Those of you who see the long term reasons for owning gold should not be concerned about short term price swings. But in the practical world, we all want to have a sense of where a market is when we buy. Yes, we hold for long term fundamental reasons, but our decisions to buy must necessarily occur at specific times and hence are based on shorter term judgement.
To abbreviate the process, a picture or chart provides loads of data in compressed form. A written chart is better than the “chart” most of us carry in our heads.
This most recent leg up in the gold market began just prior to the election, in mid October. It has been a decent move from a low of $1184 to a recent high around $1350, a move of about 14%.
In some ways, this has been a powerful move for gold because during much of this time the stock market recovered sharply from the December lows and the US dollar has been strong.
It is a bit unusual for gold to be that strong under those conditions. Gold often moves opposite the dollar and the stock market. It could be that large central bank accumulation has been undergirding the market. Another factor was the election shifted the House of Representatives to the Democratic Party, which means political trench warfare and big spending plans.
So where are we right now?
Gold has retraced to the 50 day moving average and a perfect .38 Fibonacci retracement. We won’t spend time explaining Fibonacci numbers but just note that all kinds of markets seem to react to them and many traders watch these levels.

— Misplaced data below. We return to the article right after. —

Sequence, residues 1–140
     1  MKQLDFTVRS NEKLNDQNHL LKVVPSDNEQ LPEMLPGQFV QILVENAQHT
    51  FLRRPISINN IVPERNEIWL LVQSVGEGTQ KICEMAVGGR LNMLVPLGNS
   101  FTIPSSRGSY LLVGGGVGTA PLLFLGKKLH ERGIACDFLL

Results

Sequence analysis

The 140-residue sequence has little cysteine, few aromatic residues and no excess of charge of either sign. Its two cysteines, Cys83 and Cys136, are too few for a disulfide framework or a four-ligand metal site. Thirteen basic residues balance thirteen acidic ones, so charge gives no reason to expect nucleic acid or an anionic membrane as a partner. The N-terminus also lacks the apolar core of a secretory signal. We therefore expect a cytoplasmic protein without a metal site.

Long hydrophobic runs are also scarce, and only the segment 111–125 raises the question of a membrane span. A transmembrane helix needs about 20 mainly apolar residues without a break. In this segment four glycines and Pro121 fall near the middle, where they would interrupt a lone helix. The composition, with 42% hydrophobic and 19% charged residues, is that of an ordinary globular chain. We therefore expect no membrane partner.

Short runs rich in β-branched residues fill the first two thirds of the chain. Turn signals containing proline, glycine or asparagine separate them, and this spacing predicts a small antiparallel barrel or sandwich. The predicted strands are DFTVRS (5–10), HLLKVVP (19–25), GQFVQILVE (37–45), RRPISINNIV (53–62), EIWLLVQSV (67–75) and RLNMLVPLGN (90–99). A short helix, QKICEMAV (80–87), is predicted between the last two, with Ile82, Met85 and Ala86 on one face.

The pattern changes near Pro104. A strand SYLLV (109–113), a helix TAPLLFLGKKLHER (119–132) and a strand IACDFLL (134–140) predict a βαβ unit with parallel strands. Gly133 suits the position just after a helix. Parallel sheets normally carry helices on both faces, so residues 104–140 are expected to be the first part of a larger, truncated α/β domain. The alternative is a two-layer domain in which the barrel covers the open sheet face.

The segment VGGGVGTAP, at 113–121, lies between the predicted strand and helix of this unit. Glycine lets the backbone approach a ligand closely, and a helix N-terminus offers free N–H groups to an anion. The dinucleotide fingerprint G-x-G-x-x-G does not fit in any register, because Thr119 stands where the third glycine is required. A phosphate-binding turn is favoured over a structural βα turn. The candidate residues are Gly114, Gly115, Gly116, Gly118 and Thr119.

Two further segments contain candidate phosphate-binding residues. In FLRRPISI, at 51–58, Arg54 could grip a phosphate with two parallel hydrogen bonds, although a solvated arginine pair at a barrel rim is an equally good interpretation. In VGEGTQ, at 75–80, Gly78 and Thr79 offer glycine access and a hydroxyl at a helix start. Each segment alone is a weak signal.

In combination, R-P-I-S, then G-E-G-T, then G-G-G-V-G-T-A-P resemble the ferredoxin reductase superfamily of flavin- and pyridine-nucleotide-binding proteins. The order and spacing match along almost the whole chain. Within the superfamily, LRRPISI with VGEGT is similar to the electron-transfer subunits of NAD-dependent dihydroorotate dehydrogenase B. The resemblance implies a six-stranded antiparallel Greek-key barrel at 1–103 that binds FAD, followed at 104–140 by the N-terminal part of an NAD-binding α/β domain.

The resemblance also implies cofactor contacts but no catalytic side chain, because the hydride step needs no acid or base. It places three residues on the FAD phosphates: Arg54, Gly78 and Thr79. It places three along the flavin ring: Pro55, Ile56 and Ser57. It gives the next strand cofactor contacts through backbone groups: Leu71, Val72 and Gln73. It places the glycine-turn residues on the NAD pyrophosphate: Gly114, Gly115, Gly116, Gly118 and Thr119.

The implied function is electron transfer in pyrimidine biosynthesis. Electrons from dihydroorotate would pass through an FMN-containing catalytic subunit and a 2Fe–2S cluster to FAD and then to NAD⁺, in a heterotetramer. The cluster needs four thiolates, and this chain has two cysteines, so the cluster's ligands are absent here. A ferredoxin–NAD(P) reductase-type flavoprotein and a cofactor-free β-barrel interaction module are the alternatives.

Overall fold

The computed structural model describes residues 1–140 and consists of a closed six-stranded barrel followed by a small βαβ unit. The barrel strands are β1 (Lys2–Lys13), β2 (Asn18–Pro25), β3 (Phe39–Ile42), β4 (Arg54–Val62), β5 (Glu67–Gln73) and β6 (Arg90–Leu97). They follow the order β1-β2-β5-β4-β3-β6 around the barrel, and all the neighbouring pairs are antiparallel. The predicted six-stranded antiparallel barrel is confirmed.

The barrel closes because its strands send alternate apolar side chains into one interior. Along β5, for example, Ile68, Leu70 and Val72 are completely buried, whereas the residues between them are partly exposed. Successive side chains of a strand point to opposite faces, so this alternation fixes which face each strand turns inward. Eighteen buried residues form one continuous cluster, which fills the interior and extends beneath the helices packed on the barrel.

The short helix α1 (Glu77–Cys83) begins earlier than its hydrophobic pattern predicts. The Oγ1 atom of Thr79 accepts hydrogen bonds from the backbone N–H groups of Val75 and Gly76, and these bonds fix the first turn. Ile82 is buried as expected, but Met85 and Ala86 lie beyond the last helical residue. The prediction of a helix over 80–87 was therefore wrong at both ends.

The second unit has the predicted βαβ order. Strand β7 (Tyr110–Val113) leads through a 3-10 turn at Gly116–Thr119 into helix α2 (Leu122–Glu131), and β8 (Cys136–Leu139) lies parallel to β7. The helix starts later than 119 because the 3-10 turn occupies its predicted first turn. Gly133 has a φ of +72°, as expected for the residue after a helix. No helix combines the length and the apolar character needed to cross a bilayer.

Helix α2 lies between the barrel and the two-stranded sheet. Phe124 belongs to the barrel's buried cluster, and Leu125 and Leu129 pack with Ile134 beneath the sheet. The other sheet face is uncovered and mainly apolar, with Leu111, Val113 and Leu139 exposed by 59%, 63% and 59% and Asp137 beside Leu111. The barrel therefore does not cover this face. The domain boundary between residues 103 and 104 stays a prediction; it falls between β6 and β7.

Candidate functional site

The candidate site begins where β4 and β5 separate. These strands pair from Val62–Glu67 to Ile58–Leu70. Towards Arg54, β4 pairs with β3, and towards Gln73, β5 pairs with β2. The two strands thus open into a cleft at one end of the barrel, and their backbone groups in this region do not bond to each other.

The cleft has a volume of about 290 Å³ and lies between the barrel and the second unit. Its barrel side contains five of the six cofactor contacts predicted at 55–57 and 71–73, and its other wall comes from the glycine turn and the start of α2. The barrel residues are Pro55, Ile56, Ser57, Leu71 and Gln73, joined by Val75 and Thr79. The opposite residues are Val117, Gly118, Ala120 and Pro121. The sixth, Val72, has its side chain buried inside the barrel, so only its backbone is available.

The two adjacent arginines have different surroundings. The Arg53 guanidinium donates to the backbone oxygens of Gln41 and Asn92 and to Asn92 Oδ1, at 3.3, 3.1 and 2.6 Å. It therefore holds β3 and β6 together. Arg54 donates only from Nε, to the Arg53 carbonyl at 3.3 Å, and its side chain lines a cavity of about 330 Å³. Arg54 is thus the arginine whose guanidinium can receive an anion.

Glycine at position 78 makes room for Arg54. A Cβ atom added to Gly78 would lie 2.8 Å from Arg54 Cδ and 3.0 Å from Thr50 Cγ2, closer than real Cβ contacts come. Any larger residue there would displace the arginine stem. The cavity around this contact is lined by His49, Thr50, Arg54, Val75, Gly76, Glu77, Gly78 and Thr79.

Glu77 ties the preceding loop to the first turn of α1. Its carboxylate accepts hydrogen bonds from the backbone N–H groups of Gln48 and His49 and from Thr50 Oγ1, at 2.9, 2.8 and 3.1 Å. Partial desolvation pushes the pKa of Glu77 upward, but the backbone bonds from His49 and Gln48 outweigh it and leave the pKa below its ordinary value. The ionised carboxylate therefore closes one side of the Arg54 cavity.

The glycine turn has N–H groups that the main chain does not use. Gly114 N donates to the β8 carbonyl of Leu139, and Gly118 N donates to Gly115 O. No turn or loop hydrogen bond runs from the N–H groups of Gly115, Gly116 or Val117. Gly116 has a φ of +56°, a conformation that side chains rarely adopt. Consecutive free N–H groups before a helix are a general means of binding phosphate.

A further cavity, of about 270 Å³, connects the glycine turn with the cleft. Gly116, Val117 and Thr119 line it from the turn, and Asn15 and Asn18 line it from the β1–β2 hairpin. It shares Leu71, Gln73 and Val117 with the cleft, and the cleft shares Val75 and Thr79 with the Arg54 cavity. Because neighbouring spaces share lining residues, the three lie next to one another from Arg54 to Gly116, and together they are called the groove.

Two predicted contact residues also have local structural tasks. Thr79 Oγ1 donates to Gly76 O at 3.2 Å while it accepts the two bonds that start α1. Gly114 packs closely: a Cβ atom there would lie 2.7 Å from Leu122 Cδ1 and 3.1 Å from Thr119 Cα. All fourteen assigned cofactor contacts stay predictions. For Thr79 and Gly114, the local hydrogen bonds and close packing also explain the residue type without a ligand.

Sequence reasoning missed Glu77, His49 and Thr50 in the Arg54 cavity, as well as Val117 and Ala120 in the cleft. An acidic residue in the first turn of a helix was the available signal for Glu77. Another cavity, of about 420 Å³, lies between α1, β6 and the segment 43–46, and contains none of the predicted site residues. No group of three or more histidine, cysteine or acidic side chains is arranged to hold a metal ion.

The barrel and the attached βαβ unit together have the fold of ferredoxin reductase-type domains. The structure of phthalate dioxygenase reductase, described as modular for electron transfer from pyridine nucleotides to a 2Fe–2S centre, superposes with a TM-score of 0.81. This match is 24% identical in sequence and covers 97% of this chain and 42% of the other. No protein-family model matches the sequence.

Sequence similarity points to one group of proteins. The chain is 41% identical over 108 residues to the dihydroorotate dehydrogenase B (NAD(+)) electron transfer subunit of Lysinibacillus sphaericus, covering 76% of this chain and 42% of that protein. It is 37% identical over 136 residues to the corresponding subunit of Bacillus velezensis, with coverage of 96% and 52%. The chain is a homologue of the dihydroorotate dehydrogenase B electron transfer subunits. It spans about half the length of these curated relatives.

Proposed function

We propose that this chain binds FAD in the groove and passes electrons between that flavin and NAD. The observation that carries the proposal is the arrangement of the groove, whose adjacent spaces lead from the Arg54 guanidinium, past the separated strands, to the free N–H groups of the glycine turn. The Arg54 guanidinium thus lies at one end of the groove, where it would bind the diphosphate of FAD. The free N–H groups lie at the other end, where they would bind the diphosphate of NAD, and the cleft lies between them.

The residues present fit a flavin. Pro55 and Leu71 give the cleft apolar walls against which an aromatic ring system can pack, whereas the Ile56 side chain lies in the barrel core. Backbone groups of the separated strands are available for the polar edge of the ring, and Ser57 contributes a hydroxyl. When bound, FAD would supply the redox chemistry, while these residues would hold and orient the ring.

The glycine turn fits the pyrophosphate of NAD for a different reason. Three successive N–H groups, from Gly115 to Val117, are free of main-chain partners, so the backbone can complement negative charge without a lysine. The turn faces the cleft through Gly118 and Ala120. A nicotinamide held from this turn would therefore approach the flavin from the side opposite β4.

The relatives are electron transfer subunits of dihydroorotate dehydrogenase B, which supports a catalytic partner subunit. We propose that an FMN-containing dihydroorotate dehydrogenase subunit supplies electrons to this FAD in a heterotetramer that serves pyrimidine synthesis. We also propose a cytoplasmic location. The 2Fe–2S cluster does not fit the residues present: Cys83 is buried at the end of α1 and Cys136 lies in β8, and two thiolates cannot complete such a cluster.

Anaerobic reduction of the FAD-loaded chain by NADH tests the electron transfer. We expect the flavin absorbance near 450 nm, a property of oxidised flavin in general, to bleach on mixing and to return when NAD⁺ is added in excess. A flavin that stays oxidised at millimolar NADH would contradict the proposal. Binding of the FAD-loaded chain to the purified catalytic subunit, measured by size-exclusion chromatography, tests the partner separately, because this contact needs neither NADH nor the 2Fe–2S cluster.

It is common to retrace one third to one half of recent gains. It is also common to retest the 50 day and 200 day moving averages.
So far, this looks like a typical correction. We have retraced about one third of the recent move, tested the low around $1275 we saw in January, and hit the 50 day moving average.
The market could fall a bit further to the 50% retracement or the 200 day moving average. If so, it would still stay comfortably in the uptrend started last October.
The good news is a lot of the correction is now behind us and we are entering the typical zone where markets start to bottom out.
Technical analysts also look at momentum. When a market moves too far too fast, momentum will peak and roll over. This is what gold did as all four of our momentum indicators show.
Gold has now cycled from being “overbought” on a momentum basis to becoming “oversold”. This is another indicator that prices should start to find support soon.
There is no method which allows 100% accuracy in seeing the future. However, technical analysis can give you a sense of where you are in the market cycle and provide areas of both support and over head resistance. Charts can be helpful if you don’t expect perfection from them.
Charts require some interpretation and hence allows for a range of opinions. You can see the range of $1250 to $1270 is still possible. It would appear we have entered the upper range of an expected correction zone.
Given how quickly gold has swung from overbought to oversold, it reduces the odds of seeing the lower end of the trading range.
One thing is clear. It is better to be buying gold in the $1250-$1270 range than the $1350 range. That remains overhead resistance on the long term chart.
Major long term overhead resistance exists right around the $1350- $1370 area. Breaking through this would be a quadruple top break out and likely signal that gold will enter a much more dynamic phase in its price action. If and when this happens, we suspect gold will get a lot more attention than at present.
The irony is of course, we are supposed to buy dips when the market provides them.
All charts courtesy of Stockcharts. com. The opinions expressed are based on available information and cannot be guaranteed.